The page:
Australia’s Alex Carey insists he would have no qualms over repeating his controversial stumping of Jonny Bairstow, should an unwary England batsman offer the chance in the final two Ashes Tests.
Wicketkeeper Carey was drawn into a ‘Spirit of Cricket’ row after he stumped Bairstow, who had carelessly wandered out of his crease believing the ball was dead, during the second Test at Lord’s.
Australia won that match by 43 runs despite Ben Stokes’ stunning 155.
But the England captain’ heroics were overshadowed by the fall-out from Bairstow’s unusual exit.
British prime minister Rishi Sunak and Australian counterpart Anthony Albanese traded verbal bouncers after Bairstow’s dismissal sparked a chorus of boos at normally sedate Lord’s. Three MCC members were suspended for abusing visiting players in the pavilion.
There was, however, widespread agreement that Carey, according to the Laws of Cricket, had effected a legitimate dismissal.
With the series still in the balance after England’s three-wicket win in the third Test at Headingley last week left Australia 2-1 ahead, the 31-year-old Carey was adamant he’d have no doubts about doing something similar in either of the remaining matches at Old Trafford or The Oval.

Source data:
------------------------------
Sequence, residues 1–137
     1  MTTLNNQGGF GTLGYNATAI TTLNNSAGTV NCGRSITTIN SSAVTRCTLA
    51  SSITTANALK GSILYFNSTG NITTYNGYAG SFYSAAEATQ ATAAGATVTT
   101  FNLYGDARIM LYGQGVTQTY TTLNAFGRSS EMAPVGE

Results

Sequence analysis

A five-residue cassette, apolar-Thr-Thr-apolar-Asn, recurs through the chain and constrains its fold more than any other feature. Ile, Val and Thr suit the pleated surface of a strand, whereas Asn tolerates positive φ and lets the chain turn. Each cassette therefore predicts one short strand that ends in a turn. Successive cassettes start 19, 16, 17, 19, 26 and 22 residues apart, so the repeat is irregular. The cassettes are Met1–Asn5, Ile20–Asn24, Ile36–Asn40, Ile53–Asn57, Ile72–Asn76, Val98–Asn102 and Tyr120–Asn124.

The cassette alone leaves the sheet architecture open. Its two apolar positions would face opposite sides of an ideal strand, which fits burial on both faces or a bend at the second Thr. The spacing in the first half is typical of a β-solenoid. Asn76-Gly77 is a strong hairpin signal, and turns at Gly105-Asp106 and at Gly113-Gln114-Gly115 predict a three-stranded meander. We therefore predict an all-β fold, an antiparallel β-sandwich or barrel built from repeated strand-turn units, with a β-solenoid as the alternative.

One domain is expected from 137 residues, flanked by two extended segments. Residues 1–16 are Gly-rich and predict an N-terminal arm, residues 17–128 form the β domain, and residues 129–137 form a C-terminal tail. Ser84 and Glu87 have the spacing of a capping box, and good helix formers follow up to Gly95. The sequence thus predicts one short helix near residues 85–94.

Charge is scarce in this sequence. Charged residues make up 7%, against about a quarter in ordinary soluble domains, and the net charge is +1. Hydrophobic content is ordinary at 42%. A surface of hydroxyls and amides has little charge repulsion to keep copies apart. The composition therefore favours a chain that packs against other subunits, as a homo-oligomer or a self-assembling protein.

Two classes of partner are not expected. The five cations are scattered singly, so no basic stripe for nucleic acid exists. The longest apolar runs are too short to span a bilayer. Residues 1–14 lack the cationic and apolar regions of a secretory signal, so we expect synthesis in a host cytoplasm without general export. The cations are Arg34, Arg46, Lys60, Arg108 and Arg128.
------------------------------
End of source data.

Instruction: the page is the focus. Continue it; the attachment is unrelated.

“If there was an opportunity to get a stumping, I definitely would,” he told reporters. “To see how much has played out since then it’s been a little bit surprising.
“There’s been some nasty stuff been said but it is the Ashes. There was nasty stuff said before that as well. I feel really well supported, I think the whole group does.
“From Australia, I still think we’ve got lots of fans and from England, I don’t think we’ve made any, but we probably didn’t lose any either.”
Pretending to hold the ball and other forms of ‘fake fielding’ that might deceive a batsman are outlawed.
But Carey’s reaction after Bairstow ducked a Cameron Green bouncer was instantaneous. The batsman was in his crease when Carey threw the ball but out of it by the time the ball knocked off the bails.
“We were switched on to the fact that it was a bouncer plan and it felt like Jonny was pretty switched on to getting out of the way, he wasn’t playing any shots,” explained Carey.
“When he ducked, his first movement was pretty much out of his crease, so instinctively I grabbed the ball, threw the stumps down and the rest is history, as they say.
“As soon as I got it, I threw it straight away. Once the bail has come off, it’s up to the third umpire to deem it out or not out, or the on-field umpires – and it was given out.”
© Agence France-Presse